I went and looked at the larger set of images. Okay, maybe I don't look perfectly coiffed at the end of the day, but these images are relaying IDEAS - ideas that women are actually in business, being competent. Ideas that they may be at the head of the table even! I loved the picture of the woman in the cafe and the man walking up to meet her. I thought, "Hey! That's me!" I travel frequently for work and often meet work colleagues in restaurants. Have to maximise every moment, you know? I was surprised by that image, and that surprise made me realise something - I rarely see images that reflect my work experiences as a woman. It's the same thing as not realising pre "him/her" in writing that the "her" was missing. We've been missing in photos. It's subtle, but it's important. I'm an academic psychologist. The research is clear. Subtle things like this have a powerful impact on our perceptions that we shouldn't underestimate. Thank you Lean In for this. I'm so happy to finally feel a bit represented!

Feb. 13 2014 01:49 AM
Mary from Ashland, VA

Hate to break it it you gal pals, but real women do actually climb ladders in heels. This one did, at least, after coming home at midnight having worked a 15 hour day. Seeing the Christmas tree undecorated (and my mother arrivingThe following morning), I decided to tackle it before retiring. Yes... In four-inch heeled boots! Problem was, after finishing the tree, I decided to change the star at the top to a bow. Climbed up the ladder one last time, slipped, fell and broke my leg!!!!!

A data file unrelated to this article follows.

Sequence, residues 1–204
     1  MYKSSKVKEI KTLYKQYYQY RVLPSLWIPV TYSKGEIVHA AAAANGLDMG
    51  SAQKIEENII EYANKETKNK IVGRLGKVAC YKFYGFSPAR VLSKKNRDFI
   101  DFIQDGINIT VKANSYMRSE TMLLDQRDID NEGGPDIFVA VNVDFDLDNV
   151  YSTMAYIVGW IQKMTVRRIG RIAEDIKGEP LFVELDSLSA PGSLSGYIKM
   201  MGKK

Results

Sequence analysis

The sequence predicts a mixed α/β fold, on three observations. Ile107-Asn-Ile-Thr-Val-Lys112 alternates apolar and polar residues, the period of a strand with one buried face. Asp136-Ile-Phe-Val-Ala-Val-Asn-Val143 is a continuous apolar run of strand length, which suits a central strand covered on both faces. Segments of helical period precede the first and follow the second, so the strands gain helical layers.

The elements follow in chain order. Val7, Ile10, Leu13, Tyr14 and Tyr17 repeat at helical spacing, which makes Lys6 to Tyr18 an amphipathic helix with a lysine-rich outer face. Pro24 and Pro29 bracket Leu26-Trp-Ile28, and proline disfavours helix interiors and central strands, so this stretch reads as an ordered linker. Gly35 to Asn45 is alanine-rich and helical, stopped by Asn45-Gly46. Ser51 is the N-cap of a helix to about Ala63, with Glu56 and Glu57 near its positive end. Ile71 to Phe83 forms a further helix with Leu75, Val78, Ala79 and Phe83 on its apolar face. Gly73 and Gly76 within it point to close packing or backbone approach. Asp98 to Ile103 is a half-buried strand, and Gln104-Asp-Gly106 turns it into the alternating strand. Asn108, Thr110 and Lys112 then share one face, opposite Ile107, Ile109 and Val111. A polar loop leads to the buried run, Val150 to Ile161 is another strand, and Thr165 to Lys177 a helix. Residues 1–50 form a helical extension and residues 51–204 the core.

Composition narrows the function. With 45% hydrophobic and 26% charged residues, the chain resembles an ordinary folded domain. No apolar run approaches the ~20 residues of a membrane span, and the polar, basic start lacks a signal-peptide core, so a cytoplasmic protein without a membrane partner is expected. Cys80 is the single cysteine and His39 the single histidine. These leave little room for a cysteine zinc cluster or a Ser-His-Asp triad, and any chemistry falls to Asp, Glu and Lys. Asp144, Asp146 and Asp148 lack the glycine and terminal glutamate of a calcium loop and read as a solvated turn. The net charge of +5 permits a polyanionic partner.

Feb. 12 2014 07:51 PM
Swan

For a moment, I thought that was Frances Mcdormand with the huge camera.

Feb. 12 2014 01:40 PM
Stephanie from Italy

Ok so let's just give up and go back to what we're always doing. Let's just continue to condone the stereotypical ages of perfect females displaying what we could never achieve as real working mums. At least Lean In is trying to change SOMETHING

Feb. 12 2014 01:12 PM
glork

Wait.... you mean there are people that actually pay attention to these phony and shallow photos? And they're GROWN-UPS ?? These are the concerns that we are passing down to our adolescent daughters?

Whaaa! nailed it.

Feb. 12 2014 12:27 PM
Inquisigal from Brooklyn

Nick, that photo is hilarious! Especially her porn-star makeup.

Feb. 12 2014 12:03 PM
Peg

Would love to see the morning news read by men in sexy shorts and tank tops and women in conservative business suits!

Feb. 12 2014 12:00 PM